According to an article in The Intercept, the private prison lobby is working closely with Hillary Clinton to fund her 2016 presidential run:
Last week, Clinton and other candidates revealed a number of lobbyists who are serving as “bundlers” for their campaigns. Bundlers collect contributions on behalf of a campaign, and are often rewarded with special favors, such as access to the candidate.
Richard Sullivan, of the lobbying firm Capitol Counsel, is a bundler for the Clinton campaign, bringing in $44,859 in contributions in a few short months. Sullivan is also a registered lobbyist for the Geo Group, a company that operates a number of jails, including immigrant detention centers, for profit.
As we reported yesterday, fully five Clinton bundlers work for the lobbying and law firm Akin Gump Strauss Hauer & Feld. Corrections Corporation of America, the largest private prison company in America, paid Akin Gump$240,000 in lobbying fees last year.
This should worry anyone who believes that the incarceration rate in the United States is too high, which should include anyone with half a brain who is paying any attention. Of the many issues on the discussion table for 2016, two of them are drug law and immigration reform. Both issues heavily influence the profitability of private prisons, so private prison lobbies will of course want to weigh in on these issues. And Hillary Clinton seems open to listening.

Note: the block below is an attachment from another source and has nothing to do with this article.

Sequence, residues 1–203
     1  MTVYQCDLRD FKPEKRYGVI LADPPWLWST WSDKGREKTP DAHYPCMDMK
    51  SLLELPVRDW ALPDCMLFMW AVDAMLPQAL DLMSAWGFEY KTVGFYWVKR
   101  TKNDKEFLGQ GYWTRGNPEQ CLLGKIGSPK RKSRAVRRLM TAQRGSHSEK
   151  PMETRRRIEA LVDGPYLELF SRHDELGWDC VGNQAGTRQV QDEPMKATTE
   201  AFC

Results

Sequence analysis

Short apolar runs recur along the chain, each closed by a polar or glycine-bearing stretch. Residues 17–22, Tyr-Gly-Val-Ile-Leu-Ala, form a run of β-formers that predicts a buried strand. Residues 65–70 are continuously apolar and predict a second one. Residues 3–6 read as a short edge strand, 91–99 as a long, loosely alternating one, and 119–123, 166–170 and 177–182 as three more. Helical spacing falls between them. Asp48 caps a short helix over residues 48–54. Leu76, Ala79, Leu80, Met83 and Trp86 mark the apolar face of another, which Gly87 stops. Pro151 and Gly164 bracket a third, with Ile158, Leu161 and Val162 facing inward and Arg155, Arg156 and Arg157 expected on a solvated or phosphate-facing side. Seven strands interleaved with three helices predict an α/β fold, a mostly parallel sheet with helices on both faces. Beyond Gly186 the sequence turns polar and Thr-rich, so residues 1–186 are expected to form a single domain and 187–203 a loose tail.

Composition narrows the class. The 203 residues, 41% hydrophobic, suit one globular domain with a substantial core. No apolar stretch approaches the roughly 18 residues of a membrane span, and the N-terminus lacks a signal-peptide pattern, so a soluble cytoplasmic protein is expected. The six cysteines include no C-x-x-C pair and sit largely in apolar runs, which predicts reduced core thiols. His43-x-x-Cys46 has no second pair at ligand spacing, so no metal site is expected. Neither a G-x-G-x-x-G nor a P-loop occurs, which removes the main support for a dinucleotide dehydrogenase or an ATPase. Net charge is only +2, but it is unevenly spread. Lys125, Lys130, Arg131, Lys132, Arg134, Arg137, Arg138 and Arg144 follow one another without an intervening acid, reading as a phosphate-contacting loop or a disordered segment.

Are private prisons a good idea? Well, first you have to ask the question whether prisons for long-term incarceration are a good idea. I would say no. There is only one reason a person should be incarcerated: if he is awaiting trial for a capital crime and there is good reason to believe he won’t stick around otherwise. Prison as a punishment for crimes is inefficient, unjust, expensive, ripe for corruption, and ineffective.
Punishments should fit the crime. This has been a bedrock of jurisprudence since the dawn of law. Did you steal something? Pay back the victim twice over. If you can’t pay, work for him until you’ve worked off your debt. If you hurt someone through malice or negligence, pay for their healthcare and their lost time at work. If you commit a capital crime (e.g., murder, kidnapping, rape, molestation, etc.), you forfeit your life. Done.
If we executed our laws in this way, we could house all of our temporary inmates in a few small local jails without a problem. The original need for private prisons stemmed from a rising incarceration rate and a need for greater business efficiency. What the civil government can do, the private sector can usually do better and cheaper. I understand the reasoning, but now you have given the free market a compelling financial incentive to increase incarceration and extend prison terms. You have also given them a compelling financial incentive to lobby for laws that might be more about money than justice. That’s a dangerous combination.
And now the private prison lobby has Hillary Clinton’s ear. If you think this is good news for freedom and justice, you need to get your head in the game.